Paging through cookbooks that reflect our regional cooking, I am struck by several words that reflect the meals found on many home dinner tables: thrift, comfort, homespun, practical. And tradition, of course.
Perhaps this cooking speaks in the language of Midwesterners themselves.
“When I started researching ‘Savoring the Seasons,’ trying to get shy people to talk about themselves and their food was tough,” said Beth Dooley, author of several books on local cooking.
“Take old Jim Kwitchak. He hunted mushrooms, shot game, made sausage, smoked his fish in a gizmo rigged from a busted refrigerator. He presented me with a homemade loaf of his sourdough rye, and I asked if he had memories of his mom’s cooking. He answered simply, ‘My mother made bread and we ate it. Period.’
“By contrast, my relatives in Georgia brag about their collards and BBQ,” said Dooley. “The Italians and Greeks I grew up with in New Jersey argued endlessly about who had the best lasagna, risotto and spanakopita.”
Think of Midwestern food as the quintessential American farm cooking, Dooley suggested. “It’s simple, generous, fresh and seasonal, more so than in other states,” she said. And it is directed by the weather. “Winter demands hot soups and stews, whether or not you’re going outdoors,” she said.
Amy Thielen agrees. She’s the author of “The New Midwestern Table” and host of the Food Network show “Heartland Table.”
“When I go back into old American cookbooks, I find a lot of curiosity and respect for Midwestern food,” she said. “This is where you looked to find the really rustic, campfire, cast-iron, land-based American cooking. Mushroom hunting, grouse hunting, deer hunting, Dutch oven cookery, wood-stove cookery. These things were all associated with the Midwest.
“After the industrial food age, we became known as the home of the quivering Jell-O salad, and while I enjoy making jelled savory towers as an exercise and for kicks, I’m really more attracted to the older Midwestern history, our potatoes-in-the-embers past,” she said.
“And here’s a funny thing: Wherever Midwestern food is woods-based, you see the most pan-regional expression of this place, too. Native American, German, Scandinavian, Irish and more, all the people, original or immigrant, hunted the land.”
While there’s a steady stream of new cookbooks that focus on a single element of Midwestern cooking, I lean on several volumes that offer a broader look of the familiar flavors that say “home” to me. Here are my favorite Midwestern books — most of which include wild rice — all of which are still available, at least online.
“Celebrating the Midwestern Table: Real Food for Real Times,” by Abby Mandel. This was one of the early books, published in 1996, to celebrate our regional fare. From baked whitefish with tarragon mustard to squash bisque with sweet corn, Mandel gives us the perspective of a longtime Midwesterner who cooks us through vaguely familiar dishes and bumps up the flavor. Even 20 years later, these dishes reflect that comfortable familiarity we associate with home cooking.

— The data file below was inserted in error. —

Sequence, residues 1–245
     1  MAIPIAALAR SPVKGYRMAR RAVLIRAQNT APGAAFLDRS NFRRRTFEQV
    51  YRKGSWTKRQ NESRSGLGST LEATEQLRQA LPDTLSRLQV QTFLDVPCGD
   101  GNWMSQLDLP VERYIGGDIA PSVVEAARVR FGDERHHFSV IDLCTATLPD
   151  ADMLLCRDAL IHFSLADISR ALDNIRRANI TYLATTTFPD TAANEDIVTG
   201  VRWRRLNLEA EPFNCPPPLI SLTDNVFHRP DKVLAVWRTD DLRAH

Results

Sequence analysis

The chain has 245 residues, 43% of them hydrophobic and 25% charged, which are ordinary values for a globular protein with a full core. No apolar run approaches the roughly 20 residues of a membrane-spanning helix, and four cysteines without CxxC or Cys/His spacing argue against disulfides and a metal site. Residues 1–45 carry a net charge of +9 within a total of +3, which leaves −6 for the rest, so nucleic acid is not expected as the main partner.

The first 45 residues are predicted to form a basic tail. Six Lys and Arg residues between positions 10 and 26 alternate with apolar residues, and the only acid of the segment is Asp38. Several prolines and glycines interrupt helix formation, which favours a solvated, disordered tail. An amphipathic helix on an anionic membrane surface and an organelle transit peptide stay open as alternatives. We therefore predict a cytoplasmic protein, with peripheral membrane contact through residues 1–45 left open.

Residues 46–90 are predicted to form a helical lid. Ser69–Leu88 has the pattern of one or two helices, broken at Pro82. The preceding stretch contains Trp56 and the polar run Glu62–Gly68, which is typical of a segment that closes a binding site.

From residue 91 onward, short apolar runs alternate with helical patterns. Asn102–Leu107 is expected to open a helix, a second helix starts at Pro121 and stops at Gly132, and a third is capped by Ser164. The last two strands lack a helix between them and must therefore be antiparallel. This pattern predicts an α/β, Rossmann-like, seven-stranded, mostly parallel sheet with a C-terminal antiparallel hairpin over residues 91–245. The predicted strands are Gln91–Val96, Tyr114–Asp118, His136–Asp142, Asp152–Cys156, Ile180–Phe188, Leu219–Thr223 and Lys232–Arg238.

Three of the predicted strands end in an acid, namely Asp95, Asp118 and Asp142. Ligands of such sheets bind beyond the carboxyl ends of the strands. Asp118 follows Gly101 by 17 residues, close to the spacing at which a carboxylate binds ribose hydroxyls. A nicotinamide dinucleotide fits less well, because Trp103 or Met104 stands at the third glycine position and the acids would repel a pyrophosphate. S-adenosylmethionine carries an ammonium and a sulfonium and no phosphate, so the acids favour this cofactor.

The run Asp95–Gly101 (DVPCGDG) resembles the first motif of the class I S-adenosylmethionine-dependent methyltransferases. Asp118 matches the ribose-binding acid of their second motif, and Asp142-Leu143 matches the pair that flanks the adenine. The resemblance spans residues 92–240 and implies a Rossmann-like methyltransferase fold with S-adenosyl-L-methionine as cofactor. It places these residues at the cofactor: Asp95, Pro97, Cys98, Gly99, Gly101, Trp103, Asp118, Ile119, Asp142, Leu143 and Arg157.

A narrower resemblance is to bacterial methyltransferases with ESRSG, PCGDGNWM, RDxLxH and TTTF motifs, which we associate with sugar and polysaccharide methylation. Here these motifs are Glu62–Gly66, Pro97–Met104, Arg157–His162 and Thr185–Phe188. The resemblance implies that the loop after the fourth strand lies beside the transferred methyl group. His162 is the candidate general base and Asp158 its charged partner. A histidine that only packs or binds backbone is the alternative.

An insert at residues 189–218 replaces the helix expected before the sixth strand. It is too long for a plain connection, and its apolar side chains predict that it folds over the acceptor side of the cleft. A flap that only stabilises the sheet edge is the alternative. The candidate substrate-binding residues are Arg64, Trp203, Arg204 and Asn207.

“The Great Scandinavian Baking Book,” by Beatrice Ojakangas. My bookshelves at home contain a full row of volumes from the prolific Duluth author, who has more than 25 to her name. While I dip into all her books on occasion, one of my favorites is this Scandinavian baking extravaganza, which was inducted into the James Beard Foundation’s Cookbook Hall of Fame in 2005. Originally published in 1988, and later republished by the University of Minnesota Press, this covers what are the basics to me, from butterhorns to the sturdy loaves of bread that my ancestors enjoyed.
“Prairie Home Cooking,” by Judith Fertig. This book, from 1999, fairly shouts Midwest, with its chokecherry syrup and potato cakes, pot roast with parsnips and carrots, and sauerkraut with white beans and pork. There’s a nod to game — pheasant baked with cream — and the favored carbs of longtime Midwesterners, from homemade egg noodles to spaetzle or potato gratin.
“Savoring the Seasons of the Northern Heartland,” by Beth Dooley and Lucia Watson. Published in 1994 as part of a regional series of cookbooks by Alfred A. Knopf and later republished by the University of Minnesota Press, this book is a treasure, with its wide range of recipes and commentary that reflect the diversity of the area, and with historical photographs that make us smile today (a giant fish, a woman churning butter).
“The New Midwestern Table,” by Amy Thielen. She sets the table today with this book from 2013, and it’s one that reflects the skills of a big-city chef who is at home in rural Minnesota. With compelling stories, intriguing recipes and colorful photos, she defines what our standard fare is today — and then makes it better.
Follow Lee Svitak Dean on Twitter: @StribTaste